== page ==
I reached the Air Hitam Dalam Educational Forest in northern mainland Penang earlier than anticipated and darkness still engulfed the land. While waiting for the break of the dawn, I headed towards the gazebo overlooking the river. From previous experiences, the wide open space there might have something in store for me at this hour. This site is home to the biggest nightjar species in Malaysia and as darkness was about to lift, the Great Eared Nightjars gracefully floated into view one last time and serenaded the vicinity with their signature calls. The resident pair of Spotted Wood-owls joined in this predawn chorus as well and I found myself surrounded by the calls of nocturnal birds. The sunrise today may not be a spectacular view but that was irrelevant. My main passion, the birds, have already provided a perfect start to this brand new day.
The Little Cormorant is establishing itself here in Peninsular Malaysia. Like the Asian Openbills, there have been an influx of these birds from neighbouring Thailand. I have had ample field experience with it to realise that I was looking at my first record for the state. A single bird that flew overhead gave me just enough time to obtain a few record shots. It is probably one of the dozen or so birds recorded earlier this week by Hor Kee nesting at the nearby mangrove belt. The Little Cormorant is certainly a welcomed addition to my home state and I am looking forward to more encounters in the future.
In the avian world, there are a number of small birds that possess remarkably loud and persistent calls. The Ashy Tailorbird is one of them. Its calls can be heard on every visit throughout the day. The bird itself due to its small size and active nature will usually require a little work to locate. Unless you are lucky to find a handsome male resting in the open just asking to be photographed.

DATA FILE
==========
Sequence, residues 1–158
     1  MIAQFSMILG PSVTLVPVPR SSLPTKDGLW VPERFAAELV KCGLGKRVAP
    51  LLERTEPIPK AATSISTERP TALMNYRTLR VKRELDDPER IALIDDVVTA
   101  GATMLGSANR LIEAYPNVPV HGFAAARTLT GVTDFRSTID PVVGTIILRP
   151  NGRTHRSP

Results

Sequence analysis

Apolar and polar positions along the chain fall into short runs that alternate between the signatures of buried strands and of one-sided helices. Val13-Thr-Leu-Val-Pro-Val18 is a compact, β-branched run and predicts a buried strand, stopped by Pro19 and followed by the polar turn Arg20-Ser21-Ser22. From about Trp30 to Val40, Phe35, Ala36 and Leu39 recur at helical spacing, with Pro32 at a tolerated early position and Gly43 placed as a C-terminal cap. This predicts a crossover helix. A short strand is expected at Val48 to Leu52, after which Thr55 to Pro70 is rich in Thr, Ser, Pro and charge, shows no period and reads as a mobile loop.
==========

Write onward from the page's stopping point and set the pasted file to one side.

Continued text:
Like the Ashy Tailorbird, the common Golden-bellied Gerygone is more often heard than seen. However, its call is melodious and soothing to the ears. The mangroves is where this species truly thrives but it does incur inland and Air Hitam Dalam houses a healthy population of this species. A lone bird foraging on a sparse tree provided a good opportunity for photography. But it is an active little bird. In between the misses and swearing, I did managed to obtain a few images in the end.
As I was focusing on the first bird, a second bird’s call was so loud I swear it could well be perched on my knapsack and singing into my ears. I looked over my shoulder and there it was. Not exactly on my knapsack but close enough to be deafened by the repertoire of its song. It was an incredible moment and one that shall be remembered for a long time. This birding site has not live up to expectations of late but judging from the morning so far, things may finally start to turn around.
There were at least 3 Asian Paradise Flycatchers present in this small area of swamp forest today. They are most likely to be migrants and for the time being will grace this site with their poise and beauty. Only one of them had the long mesmerizing tail streamers but as fate would have it, it was the only that eluded my camera. The stunning adult male remains a nemesis and I do hope to change that one day soon – for my sanity’s sake.
On a happier note, I came across two families of Mangrove Blue Flycatchers making Air Hitam Dalam still one of the best places to observe this striking species. The male of the first family was quite confiding typical of the birds found here. I should by now, stop shooting this species because of the large collection of their images accumulated in my database through the years but I simply cannot help myself.
The young one was taking up to its father and posed smugly for my camera. It will take some time before it sports the brilliant colouration of the adult birds but this plumage does have its own appeal.
Being a parent bird is tough except if you are a parasitic cuckoo that is. The second family of Mangrove Blue Flycatchers had 2 chicks to care for and that can be a real handful. The mother bird, despite her short comings, is doing a great job as far as I can tell.
The Greater Racket-tailed Drongo is hugely responsible for converting me into birding back in my teenage years. The bird is full of character and aggressive by nature. And I have not even gone into the looks department. Today, an individual had taken a liking to the area where a once mighty forest tree stood. The lighting was good as the fallen tree cleared the vicinity of tall trees and I could capture the splendour of the drongo’s iridescent plumage.